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Lima Meat Packing Company Construction 1906 Photo / Lima Ohio Company History

LIMA PORK PACKING COMPANY / The Lima Packing Company:
  • This company was incorporated on October 1, 1901, with a capital stock of $60,000 [$1.5 million, today]. 
  • The first year the firm was located in a small building, which stood where the electric light plant now stands. There the firm occupied but one room and employed only eight men.
  • At present [1906] it is located on South Central avenue just south of the Model Mills. In contrast with the one room, it has now two buildings, each two 'stories high. 
  • The pay-roll now shows 35 men employed, including three traveling salesmen. 
  • The annual volume of business aggregates $300,000 [almost $8 million today]. 
  • The company buys and slaughters all of its own live stock, practically all of which comes from the surrounding country, and manufactures all kinds of packing house products. 
  • Its equipment includes unsurpassed cold storage facilities. 
  • The officers are : B. F. Thomas, president ; Ira P. Carnes, vice-president; W. C. Bradley, treasurer; O. W. Leichty, secretary.
They did not keep the word PORK.

  • Walter C. Bradley, born in 1866, passed in 1958.
  • In about 1895 he went to Chicago with Swift & Co. meat packers and subsequently became branch manager in Toledo, Erie, Pa. and Lima.
  • In 1898 he associated himself with the late Benjamin F. Thomas in forming the Lima Packing Company.
  • He spent his entire business life in Lima with the packing company, of which he was president for many years. 
  • [from his obituary]
Still in business in 1956, but decided to cease operations in 1957:

ca. 1854, [daguerreotype portrait of a butcher with his tools, hand-tinted blood detail on knife], Edward M. Tyler
Meat packing plant, circa 1873.

The Meat Packing Industry

In 1747, an ordinance in the United States “forbade people from slaughtering cattle at their home." An additional motivation for eliminating private slaughter was to allow for the careful regulation of the “morally dangerous” task of putting animals to death.

This new demand for concealment and regulation, combined with a continued demand for meat led to the primacy of the “slaughterhouse” as a unique site for the killing of animals for meat.
Technical innovations catapulted the growth of the meat industry. The invention of the refrigerator car as well as expansion of the railroad allowed for feasible, safe transportation of meat (and later enabling the isolation of slaughterhouses outside of population centers).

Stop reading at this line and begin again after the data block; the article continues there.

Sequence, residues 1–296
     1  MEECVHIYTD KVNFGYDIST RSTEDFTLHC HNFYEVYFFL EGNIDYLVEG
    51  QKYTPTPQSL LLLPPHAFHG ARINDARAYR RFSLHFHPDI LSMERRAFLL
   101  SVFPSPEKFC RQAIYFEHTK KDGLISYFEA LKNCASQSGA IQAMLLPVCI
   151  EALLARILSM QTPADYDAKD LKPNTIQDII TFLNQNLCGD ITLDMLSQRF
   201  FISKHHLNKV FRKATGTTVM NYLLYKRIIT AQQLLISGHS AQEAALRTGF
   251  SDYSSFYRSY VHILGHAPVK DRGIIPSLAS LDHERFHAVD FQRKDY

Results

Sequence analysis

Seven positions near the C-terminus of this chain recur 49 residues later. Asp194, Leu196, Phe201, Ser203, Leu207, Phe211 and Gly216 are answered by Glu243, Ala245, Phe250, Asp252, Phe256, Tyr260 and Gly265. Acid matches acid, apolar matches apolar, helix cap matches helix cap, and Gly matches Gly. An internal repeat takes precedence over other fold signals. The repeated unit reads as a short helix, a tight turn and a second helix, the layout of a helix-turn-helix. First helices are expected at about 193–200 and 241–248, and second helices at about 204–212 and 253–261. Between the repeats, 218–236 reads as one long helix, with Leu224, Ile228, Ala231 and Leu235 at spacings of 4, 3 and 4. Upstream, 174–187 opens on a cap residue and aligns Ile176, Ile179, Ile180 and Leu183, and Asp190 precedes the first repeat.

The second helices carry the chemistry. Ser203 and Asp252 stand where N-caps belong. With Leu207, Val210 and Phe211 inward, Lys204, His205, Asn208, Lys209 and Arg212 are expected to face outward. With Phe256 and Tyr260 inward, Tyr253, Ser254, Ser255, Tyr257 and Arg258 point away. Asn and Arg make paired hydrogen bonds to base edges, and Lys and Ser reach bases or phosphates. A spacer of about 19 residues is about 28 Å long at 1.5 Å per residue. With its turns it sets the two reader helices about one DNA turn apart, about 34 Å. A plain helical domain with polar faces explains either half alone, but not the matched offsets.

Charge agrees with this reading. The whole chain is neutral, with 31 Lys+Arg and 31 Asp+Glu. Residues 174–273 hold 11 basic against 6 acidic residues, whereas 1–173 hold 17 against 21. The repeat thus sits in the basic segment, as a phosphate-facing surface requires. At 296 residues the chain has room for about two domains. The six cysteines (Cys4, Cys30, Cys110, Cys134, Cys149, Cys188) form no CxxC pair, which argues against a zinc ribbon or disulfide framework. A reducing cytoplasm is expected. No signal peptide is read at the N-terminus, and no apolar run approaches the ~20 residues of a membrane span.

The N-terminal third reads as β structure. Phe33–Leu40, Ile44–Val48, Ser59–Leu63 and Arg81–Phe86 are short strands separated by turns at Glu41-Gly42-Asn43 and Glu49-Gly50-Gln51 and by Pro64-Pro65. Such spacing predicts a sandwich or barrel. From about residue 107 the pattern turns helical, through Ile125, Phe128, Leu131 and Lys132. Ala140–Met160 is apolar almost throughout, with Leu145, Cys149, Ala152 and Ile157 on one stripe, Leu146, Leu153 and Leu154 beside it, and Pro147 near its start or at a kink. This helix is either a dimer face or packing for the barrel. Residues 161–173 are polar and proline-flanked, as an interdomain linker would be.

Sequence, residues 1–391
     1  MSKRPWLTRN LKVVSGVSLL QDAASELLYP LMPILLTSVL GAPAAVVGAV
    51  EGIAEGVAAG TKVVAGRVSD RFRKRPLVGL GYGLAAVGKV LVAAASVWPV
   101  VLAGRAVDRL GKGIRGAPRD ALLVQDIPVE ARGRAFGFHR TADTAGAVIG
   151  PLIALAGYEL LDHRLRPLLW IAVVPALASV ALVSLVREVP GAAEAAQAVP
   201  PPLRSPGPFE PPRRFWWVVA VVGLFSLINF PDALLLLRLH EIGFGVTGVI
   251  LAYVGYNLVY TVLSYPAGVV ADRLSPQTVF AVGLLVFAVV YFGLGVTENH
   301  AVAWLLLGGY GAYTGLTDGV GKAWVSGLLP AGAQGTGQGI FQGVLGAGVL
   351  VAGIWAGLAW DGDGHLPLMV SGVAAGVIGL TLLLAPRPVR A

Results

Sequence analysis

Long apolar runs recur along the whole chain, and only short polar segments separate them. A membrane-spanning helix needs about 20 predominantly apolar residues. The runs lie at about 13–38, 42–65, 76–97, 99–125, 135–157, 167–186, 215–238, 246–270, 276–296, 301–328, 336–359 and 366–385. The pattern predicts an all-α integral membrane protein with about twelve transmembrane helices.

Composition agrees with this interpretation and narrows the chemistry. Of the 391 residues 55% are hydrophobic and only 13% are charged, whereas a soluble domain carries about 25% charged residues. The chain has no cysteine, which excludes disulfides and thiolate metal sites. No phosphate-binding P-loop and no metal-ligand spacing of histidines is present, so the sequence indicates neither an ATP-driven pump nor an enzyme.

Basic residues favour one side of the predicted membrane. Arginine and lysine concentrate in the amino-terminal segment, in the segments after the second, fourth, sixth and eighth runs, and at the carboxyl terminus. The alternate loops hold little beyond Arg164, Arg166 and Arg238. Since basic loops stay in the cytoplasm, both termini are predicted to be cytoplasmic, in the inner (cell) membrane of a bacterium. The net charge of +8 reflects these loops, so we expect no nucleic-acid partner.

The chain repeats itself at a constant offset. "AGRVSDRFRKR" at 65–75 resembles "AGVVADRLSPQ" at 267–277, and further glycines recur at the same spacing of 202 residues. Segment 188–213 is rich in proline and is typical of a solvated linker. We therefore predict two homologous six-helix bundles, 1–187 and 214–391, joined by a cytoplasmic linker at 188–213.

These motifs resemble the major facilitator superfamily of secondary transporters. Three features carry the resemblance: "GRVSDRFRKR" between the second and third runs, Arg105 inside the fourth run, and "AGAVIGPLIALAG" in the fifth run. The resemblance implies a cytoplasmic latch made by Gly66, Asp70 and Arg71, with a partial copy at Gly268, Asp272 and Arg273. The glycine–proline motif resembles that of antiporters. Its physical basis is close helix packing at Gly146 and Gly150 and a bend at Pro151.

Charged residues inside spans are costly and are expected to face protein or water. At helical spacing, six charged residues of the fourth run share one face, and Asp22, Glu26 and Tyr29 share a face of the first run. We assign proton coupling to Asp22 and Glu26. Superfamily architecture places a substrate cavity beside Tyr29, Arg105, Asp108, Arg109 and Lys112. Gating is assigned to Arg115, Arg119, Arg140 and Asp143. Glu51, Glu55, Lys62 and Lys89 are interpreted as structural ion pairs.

Additionally, Meat-packing millionaire [Philip Armour]’s invention of the “disassembly line” greatly increased the productivity and profit margin of industrial meatpacking businesses: “according to some, animal slaughtering became the first mass-production industry in the United States, from which Henry Ford partially adapted his conception of assembly-line production. The industry continued to expand during this period as a result of increasing demand and increased distribution possibilities.” 

More: Read about the Meatpacking Industry in Chicago - link - From the Civil War until the 1920s Chicago was the country's largest meatpacking center and the acknowledged headquarters of the industry.

A meat packing plant in the 1910s.

Reform in the Food Industry

Upton Sinclair published The Jungle in 1905 to expose labor abuses in the meat packing industry. But it was food, not labor, that most concerned the public. Sinclair's horrific descriptions of the industry led to the passage of the Pure Food and Drug Act and the Meat Inspection Act, not to labor legislation. [Source]

Soldiers in Aprons: The Housewives Who Changed America

Housewives League” chapters began springing up in just about every corner of the country with local groups of women and wives ready to do battle in the marketplace to force the stores and food producers to clean up their act. [Source]

The Detroit Housewives’ League took on the meat packing industry itself. In 1935, they burned a huge packinghouse in protest of high prices, and they joined thousands of Chicago housewives in a march that shut down that city’s entire meat industry. [Source]


Note: These items are part of my ''Collecting Lima Virtual Museum''. They are not for sale.

If/when I find more information on these items, I will add it to the post.

Read the Introduction to Collecting Lima Virtual Museum Project ~ My Lima Ohio Bottles, Advertising, Antiques


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